-- Published: Tuesday, 10 March 2020 | Print | Disqus
By Robert Lambourne
According to its recently published February statement of account, the Bank for International Settlements, which represents most central banks, appears to have increased its position in gold swaps and gold-related derivatives by 6 tonnes over its position at the end of January, bringing it to an estimated 326 tonnes.
The bank's use of gold swaps and derivatives has risen by more than 300 percent since May 2019, when it stood at 78 tonnes.
The BIS uses gold swaps and other gold derivatives to gain access to gold held by commercial banks.
There is not enough information in the BIS' monthly reports to calculate the exact amount of swaps, but based on the information in its statement for February, the bank's month-end gold swaps were about 326 tonnes, compared to 320 tonnes at January 31, 2020, 313 tonnes at December 31, 2019, 250 tonnes at November 30, 2019, 186 tonnes at October 31, 2019, 128 tonnes at September 30, 2019, 162 tonnes at August 31, 2019, 95 tonnes at July 31, 2019, 126 tonnes at June 30, 2019, 78 tonnes at May 31, 2019, 88 tonnes at April 30, 2019, 175 tonnes at March 31, 2019, 303 tonnes at February 28, 2019, 247 tonnes at January 31, 2019, 275 tonnes at December 31, 2018, and, previously in 2018, 308 tonnes in November, 372 tonnes in October, 238 tonnes in September, and 370 tonnes in August.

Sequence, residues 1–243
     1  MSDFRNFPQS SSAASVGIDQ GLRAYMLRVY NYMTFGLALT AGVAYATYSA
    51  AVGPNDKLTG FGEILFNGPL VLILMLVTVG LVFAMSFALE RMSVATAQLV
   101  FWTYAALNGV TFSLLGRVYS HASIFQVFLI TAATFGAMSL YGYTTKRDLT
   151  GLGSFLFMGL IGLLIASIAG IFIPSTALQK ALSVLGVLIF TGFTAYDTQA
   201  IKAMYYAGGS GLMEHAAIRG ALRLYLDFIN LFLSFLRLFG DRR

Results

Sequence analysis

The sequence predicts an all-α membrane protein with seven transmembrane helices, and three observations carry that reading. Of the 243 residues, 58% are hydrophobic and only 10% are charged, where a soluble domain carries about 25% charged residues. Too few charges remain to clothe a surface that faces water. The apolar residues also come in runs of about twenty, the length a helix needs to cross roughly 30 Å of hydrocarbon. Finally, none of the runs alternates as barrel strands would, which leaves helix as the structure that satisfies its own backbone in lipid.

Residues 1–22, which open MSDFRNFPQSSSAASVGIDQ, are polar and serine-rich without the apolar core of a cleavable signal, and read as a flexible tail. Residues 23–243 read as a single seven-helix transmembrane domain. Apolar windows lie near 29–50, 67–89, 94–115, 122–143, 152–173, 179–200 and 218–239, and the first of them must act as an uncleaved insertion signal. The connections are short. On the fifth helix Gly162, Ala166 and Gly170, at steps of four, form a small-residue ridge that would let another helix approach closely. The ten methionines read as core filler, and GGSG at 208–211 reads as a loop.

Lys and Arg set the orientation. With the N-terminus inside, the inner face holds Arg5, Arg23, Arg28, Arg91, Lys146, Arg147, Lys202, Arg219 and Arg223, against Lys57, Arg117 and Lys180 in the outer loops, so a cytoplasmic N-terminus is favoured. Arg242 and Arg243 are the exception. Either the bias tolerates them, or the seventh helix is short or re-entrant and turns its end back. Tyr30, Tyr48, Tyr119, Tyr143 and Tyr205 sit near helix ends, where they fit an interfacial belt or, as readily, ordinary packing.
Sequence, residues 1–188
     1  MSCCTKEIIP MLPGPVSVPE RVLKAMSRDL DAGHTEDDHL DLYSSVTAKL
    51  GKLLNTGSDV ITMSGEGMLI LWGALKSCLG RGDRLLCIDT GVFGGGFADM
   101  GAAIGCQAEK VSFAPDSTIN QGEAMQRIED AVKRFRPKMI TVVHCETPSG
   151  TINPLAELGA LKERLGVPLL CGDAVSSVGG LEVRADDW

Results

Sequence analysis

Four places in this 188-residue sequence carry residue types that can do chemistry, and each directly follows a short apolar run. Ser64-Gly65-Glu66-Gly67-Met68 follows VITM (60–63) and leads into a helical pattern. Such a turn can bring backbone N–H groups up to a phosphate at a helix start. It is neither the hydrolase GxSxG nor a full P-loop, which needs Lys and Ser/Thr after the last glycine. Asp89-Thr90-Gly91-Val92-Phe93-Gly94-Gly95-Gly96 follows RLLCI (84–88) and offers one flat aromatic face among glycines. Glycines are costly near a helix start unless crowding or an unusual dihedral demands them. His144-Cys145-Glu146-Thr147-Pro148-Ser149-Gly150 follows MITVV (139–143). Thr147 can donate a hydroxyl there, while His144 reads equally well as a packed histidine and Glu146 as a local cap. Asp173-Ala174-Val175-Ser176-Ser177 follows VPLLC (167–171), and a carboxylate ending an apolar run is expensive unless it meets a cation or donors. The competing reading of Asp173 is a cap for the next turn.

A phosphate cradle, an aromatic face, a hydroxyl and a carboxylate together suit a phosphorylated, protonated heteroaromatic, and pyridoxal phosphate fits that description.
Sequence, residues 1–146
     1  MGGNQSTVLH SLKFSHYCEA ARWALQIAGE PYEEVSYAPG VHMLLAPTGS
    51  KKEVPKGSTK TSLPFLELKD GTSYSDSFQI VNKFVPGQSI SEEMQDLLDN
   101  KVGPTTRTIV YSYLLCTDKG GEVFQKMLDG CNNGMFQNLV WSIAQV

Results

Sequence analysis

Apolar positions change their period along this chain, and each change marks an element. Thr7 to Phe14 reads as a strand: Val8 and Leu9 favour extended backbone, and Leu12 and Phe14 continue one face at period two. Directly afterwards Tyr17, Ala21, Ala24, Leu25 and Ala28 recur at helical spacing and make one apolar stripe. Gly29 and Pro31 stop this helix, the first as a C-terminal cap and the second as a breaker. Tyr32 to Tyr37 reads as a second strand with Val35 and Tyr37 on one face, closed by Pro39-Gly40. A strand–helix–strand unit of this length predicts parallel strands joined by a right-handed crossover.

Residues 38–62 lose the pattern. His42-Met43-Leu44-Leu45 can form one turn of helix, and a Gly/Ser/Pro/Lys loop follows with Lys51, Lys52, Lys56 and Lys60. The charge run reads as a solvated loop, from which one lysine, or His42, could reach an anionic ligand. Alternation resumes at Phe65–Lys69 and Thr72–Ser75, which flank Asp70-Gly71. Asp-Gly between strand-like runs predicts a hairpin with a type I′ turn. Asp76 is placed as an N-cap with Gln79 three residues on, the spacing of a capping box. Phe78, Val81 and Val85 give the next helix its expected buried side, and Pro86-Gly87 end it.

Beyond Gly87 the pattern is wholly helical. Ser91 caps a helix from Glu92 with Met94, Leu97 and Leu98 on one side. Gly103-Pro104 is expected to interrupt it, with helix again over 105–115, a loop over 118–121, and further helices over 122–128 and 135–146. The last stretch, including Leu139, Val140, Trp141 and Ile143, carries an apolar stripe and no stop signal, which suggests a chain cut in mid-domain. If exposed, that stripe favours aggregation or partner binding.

More background on the bank's medium-term history of using gold swaps is available here:
On February 3, 2019, GATA published comments from a former gold industry executive describing the activities of the BIS in gold swaps in earlier decades:
The former executive wrote: "Effectively this process created a supply of 'paper gold' -- sometimes but not always marked to market -- that had a depressing effect on the gold price."
The BIS refuses to explain its activity in the gold market -- its objectives and underlying parties in interest --
-- and financial news organizations don't ask about it or call attention to it, though it seems to signify an intense interest in what some market analysts disparage as a "pet rock.".
Robert Lambourne, a retired business executive in the United Kingdom, is a GATA consultant.
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-- Published: Tuesday, 10 March 2020 | E-Mail | Print | Source: GoldSeek.com